Hamlet in Harford has all the essentials

Neighborhood profile: Darlington

Residents like close-knit rural town where Main St. thrives without a stop light

August 11, 2002|By Tim Swift | Tim Swift,SUN STAFF

When Jane Howe arrived in Darlington in 1993, she moved into what she calls her dream home - a 19th-century stone Victorian amid rural fields - but the previous owner left more than the house.

"At the settlement, she had this book in her hand and said, `Take care of this,'" Howe said.

The book was a leather-bound tome detailing the history of the property, dating to the original deed to the land from the king of England. The owner had even saved the blueprints to the house.

As she unrolled the plans, Howe found that in more than 100 years her dream house, like Darlington, had changed little. And most of the residents of this Harford County hamlet like it that way.

"A little historic village is what we are, and we fight daily to keep it that way," said Joni Nugent, a Darlington resident since 1995.

Nugent and Howe are members of the close-knit community association that has been working to preserve Darlington's rural heritage since the mid-1990s. As suburban sprawl crept into other rural enclaves in the region, residents - without a mayor or other local representation - knew they needed a voice.

"Most people here still make their money on the land," Howe said. "But there is a lot of pressure for these farmers to sell."

Nestled between the Susquehanna River and Deer Creek, Darlington was founded in the mid-1700s by Quakers from a town of the same name in Northern England.

Modeled on their original church, the Deer Creek Friends Meeting House still stands today and is on the National Register of Historic Places along with the town's historic district.

With about 750 residents, Darlington is so small that the town doesn't have a stop light. Yet on Main Street, the downtown bustles with the essentials: a bank, a doctor, a country store, two auto mechanics and a public library.

Many of the homes such as Howe's, with gingerbread trim, date from the 19th century and have been painstakingly restored to their original glory. Howe compared her house to an elegant old lady in need of a face lift. Work continues, she says.

Others are less ornate but solid, with sloping slate roofs and stone quarried from nearby Port Deposit. Newer homes such as brick ranchers are interspersed amid the rolling hills and the array of stately hickories, oaks and sycamores.

Apple fest draws crowd

As old and distinguished as the houses, about five churches call Darlington home.

"We're a God-fearing people," Howe said with a laugh.

Each October the churches join to hold the town's annual apple festival - purported to be the largest single-day event in Harford County. With its famous Presbyterian Chili and Hosanna Church pies, the festival draws about 50,000 visitors from the surrounding areas.

Connie Beims lives just outside Darlington but comes into town for the post office, the H.C. Scarborough Grocery Store, and to get the latest gossip.

"It's wonderful to live in a place where the postmaster knows your name," Beims said of the town. "And sometimes you spend an hour at the post office because you meet so many people you know there.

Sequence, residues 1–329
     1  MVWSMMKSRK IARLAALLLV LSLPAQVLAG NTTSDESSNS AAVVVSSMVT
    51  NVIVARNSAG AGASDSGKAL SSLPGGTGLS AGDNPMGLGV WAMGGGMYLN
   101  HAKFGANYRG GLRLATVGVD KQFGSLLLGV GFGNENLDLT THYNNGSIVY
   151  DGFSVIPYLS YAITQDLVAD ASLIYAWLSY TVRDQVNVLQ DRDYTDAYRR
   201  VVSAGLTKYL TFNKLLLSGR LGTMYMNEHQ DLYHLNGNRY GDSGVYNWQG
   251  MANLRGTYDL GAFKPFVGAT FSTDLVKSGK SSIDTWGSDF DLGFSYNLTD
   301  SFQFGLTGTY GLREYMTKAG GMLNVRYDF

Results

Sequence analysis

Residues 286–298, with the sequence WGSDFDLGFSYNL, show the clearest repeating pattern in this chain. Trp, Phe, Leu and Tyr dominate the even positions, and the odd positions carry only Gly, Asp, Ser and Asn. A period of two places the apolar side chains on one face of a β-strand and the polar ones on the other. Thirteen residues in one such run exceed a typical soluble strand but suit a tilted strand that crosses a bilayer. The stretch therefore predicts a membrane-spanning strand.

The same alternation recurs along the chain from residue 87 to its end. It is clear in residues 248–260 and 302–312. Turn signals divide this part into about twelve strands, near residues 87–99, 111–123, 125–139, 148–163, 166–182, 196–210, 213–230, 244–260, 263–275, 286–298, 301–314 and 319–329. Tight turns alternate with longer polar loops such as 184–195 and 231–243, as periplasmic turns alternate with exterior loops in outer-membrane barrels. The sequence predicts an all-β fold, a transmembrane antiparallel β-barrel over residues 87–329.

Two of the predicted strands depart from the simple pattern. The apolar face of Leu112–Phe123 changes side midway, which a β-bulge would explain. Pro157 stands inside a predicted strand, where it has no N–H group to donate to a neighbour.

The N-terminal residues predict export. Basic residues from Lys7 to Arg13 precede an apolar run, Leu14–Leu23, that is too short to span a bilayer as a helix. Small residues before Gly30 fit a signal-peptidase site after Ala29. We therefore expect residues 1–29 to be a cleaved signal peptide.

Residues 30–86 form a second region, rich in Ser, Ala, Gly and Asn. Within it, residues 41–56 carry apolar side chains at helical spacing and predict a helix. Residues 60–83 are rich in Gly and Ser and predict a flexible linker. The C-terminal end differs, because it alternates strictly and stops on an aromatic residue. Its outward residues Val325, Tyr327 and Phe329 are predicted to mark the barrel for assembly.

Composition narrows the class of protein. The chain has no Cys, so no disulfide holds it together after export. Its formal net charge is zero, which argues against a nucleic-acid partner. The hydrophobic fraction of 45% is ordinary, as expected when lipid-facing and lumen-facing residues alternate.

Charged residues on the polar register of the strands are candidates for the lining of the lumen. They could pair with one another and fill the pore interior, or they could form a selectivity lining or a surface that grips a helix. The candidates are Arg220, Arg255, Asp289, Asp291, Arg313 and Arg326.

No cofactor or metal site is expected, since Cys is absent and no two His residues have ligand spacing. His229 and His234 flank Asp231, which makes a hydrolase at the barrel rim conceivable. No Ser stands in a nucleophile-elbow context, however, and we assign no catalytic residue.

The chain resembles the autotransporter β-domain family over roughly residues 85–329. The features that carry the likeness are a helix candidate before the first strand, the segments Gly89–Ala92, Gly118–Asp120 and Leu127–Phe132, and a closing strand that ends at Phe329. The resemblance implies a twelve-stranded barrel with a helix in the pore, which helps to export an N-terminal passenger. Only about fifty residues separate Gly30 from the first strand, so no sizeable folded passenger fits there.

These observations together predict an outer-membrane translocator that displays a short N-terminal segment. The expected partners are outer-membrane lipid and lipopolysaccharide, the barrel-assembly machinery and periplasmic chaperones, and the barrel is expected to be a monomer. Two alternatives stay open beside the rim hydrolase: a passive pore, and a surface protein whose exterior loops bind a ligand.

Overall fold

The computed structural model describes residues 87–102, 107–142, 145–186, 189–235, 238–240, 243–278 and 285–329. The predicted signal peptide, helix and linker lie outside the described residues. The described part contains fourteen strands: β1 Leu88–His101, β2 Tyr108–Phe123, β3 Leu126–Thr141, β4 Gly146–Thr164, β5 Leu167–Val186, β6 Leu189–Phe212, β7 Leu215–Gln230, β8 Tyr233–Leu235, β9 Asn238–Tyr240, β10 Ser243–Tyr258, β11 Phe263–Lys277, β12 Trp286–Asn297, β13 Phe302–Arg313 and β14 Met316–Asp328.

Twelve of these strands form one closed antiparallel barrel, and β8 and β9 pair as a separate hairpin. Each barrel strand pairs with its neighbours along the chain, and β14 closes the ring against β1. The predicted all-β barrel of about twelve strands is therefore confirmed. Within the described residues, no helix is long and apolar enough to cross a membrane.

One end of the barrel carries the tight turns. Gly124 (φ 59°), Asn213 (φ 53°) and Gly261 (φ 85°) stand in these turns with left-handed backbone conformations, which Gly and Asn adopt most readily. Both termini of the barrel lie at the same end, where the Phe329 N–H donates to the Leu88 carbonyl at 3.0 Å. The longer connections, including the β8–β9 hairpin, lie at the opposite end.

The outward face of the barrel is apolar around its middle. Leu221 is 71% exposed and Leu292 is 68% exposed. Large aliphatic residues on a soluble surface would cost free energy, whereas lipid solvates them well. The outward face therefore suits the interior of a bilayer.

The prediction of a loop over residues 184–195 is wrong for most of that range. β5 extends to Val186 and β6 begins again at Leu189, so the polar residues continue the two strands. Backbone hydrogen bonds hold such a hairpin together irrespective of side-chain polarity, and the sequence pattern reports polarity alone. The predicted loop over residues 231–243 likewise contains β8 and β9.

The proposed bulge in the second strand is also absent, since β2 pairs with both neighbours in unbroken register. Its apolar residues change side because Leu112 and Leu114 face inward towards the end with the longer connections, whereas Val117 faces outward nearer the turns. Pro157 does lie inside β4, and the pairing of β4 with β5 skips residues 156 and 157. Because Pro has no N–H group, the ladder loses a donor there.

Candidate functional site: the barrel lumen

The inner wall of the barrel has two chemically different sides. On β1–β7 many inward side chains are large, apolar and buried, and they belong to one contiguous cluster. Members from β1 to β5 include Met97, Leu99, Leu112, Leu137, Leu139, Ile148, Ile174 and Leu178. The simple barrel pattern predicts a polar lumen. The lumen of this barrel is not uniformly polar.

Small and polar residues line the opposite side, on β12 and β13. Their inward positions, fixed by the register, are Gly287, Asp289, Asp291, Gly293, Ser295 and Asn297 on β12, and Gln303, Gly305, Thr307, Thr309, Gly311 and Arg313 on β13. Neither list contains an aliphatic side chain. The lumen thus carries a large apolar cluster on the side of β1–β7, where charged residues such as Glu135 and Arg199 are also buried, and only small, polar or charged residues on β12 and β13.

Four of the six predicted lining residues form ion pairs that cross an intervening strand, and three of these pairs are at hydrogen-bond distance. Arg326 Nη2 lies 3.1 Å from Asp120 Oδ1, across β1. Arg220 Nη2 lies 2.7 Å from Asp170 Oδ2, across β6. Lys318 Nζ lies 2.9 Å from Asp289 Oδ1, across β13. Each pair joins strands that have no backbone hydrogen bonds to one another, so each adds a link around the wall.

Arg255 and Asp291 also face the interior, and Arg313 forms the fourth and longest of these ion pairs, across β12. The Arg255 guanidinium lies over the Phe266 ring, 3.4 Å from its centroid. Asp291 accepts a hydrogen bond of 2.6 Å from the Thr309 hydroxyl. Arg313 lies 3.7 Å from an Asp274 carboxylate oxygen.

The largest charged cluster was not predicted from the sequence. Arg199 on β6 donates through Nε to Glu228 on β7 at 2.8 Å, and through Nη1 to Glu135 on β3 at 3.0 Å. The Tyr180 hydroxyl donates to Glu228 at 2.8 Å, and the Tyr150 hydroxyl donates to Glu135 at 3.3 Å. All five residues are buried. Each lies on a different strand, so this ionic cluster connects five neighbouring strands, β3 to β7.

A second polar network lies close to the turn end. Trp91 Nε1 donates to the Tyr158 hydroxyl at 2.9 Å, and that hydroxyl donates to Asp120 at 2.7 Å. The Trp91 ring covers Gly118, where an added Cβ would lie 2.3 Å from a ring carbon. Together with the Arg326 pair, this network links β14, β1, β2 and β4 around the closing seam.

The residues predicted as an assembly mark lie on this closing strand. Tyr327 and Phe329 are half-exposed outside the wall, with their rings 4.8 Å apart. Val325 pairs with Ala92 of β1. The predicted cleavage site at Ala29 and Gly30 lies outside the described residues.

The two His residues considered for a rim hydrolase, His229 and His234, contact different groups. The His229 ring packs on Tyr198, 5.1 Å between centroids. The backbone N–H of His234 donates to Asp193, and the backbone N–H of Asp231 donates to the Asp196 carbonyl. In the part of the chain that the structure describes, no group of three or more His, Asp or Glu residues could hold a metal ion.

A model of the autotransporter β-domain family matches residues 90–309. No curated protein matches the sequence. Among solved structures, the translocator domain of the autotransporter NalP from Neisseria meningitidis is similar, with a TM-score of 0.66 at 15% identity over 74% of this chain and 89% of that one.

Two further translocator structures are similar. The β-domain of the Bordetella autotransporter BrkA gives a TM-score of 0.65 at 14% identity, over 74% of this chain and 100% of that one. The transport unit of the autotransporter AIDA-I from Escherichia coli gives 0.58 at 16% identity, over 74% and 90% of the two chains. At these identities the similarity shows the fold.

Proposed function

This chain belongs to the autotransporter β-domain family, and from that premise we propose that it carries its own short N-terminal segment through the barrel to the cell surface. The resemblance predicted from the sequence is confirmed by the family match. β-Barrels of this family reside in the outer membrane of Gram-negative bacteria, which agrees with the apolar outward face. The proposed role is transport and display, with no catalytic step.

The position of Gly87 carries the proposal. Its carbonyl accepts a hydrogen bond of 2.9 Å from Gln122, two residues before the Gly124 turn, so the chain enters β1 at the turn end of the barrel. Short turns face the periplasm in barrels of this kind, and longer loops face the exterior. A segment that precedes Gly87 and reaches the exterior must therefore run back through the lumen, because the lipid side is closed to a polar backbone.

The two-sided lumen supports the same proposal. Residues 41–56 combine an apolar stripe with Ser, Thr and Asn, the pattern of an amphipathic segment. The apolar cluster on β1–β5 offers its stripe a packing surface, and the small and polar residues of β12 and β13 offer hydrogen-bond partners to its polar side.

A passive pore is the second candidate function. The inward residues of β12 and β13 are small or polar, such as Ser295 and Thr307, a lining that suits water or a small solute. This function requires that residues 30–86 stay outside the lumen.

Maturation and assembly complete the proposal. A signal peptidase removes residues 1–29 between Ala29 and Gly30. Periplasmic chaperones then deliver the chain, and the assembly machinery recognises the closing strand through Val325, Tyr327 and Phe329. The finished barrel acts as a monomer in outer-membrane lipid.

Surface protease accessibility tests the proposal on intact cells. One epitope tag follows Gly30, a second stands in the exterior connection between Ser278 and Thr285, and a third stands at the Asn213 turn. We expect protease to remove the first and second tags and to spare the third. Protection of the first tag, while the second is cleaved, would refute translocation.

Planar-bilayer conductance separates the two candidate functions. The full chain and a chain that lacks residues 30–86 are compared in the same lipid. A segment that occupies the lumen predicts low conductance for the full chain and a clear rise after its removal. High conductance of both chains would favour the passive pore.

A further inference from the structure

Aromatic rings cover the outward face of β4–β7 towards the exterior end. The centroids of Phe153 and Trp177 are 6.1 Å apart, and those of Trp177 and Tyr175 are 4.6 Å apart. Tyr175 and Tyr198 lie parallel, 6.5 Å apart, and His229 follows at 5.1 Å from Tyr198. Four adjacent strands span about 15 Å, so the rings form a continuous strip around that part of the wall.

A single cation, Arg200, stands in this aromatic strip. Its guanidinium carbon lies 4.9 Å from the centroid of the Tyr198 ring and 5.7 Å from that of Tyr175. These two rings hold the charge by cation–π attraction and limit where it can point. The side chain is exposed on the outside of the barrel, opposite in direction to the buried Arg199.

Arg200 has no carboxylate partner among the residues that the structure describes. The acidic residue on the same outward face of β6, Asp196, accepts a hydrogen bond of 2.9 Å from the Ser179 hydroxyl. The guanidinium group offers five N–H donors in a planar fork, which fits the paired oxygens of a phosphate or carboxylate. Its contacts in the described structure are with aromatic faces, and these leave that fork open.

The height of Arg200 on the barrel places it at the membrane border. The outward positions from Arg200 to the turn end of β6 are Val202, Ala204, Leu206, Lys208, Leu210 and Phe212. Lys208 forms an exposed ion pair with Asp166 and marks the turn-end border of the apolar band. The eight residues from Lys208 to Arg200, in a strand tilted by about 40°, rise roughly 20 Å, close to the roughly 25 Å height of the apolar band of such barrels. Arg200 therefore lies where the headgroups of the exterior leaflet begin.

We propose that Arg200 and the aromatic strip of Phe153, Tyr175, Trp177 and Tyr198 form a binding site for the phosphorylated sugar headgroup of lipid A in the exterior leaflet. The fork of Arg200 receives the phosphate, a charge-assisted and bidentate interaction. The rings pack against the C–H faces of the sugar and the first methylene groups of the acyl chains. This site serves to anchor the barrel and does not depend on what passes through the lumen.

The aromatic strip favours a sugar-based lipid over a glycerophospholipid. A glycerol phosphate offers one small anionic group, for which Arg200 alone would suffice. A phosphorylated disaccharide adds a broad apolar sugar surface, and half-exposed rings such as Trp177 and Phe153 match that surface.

"Everybody knows each other. It really hearkens back to another day. You always get a wave and smile."

Beims notes that while the town is small, it is also diverse. Some of the residents are descendants of freed slaves who became farmers in Darlington, which was a frequent stop on the Underground Railroad.

Today, farmers grow corn and soybeans, and raise pigs and horses. In fact, it was a horse that put Darlington in the news only a few months ago.

In a shrewd investment move, Audrey and Allen Murray of Murmur Farm bought Our Emblem, the sire of War Emblem, in the fall, before the offspring won this year's Kentucky Derby and Preakness Stakes. After eight months, they sold the sire to a partnership of two Kentucky horse farms for a profitable $10.1 million.

True to Darlington's close-knit reputation, many in town have known the couple for years.

"Couldn't have happened to better people," Beims said.

Farms are preserved

Bolstered by its prestigious horse farms, Darlington boasts one of the largest blocks of preserved agricultural land in Harford County.

A seventh-generation farmer, Henry Holloway, 69, still wakes up early in the morning to tend to the fields, and in the summer and fall sometimes finishes work past twilight. His family raises cattle and grows grain and hay on about 900 acres. The lifelong resident hopes Darlington can stay a rural community, but he understands its growing appeal.

"I know other people are going to like it as much as I do," he said wistfully.

Relative newcomers such as Howe know what Holloway is talking about. While they say they aren't anti-growth, the residents strive to maintain the town's rural beauty.

"We chose Darlington because of its rural charm," Howe said. "We are part of downtown Darlington, but we've got cows in the back yard."


ZIP code: 21034

Commute to downtown Baltimore: 60 minutes

Public schools: Darlington Elementary School; Havre de Grace Middle School; Havre de Grace High School

Shopping: H.C. Scarborough Grocery Store, Klein's Super Market in Aberdeen, Food Lion in Bel Air

Homes on market: 6

Average listing price: $149,500

Average sales price: $140,000

Average days on market: 77

Sales price as percentage of listing price: 93.65%*

*Based on 12 sales during the past 12 months, compiled by Metropolitan Regional Information Systems Inc.

Baltimore Sun Articles
Please note the green-lined linked article text has been applied commercially without any involvement from our newsroom editors, reporters or any other editorial staff.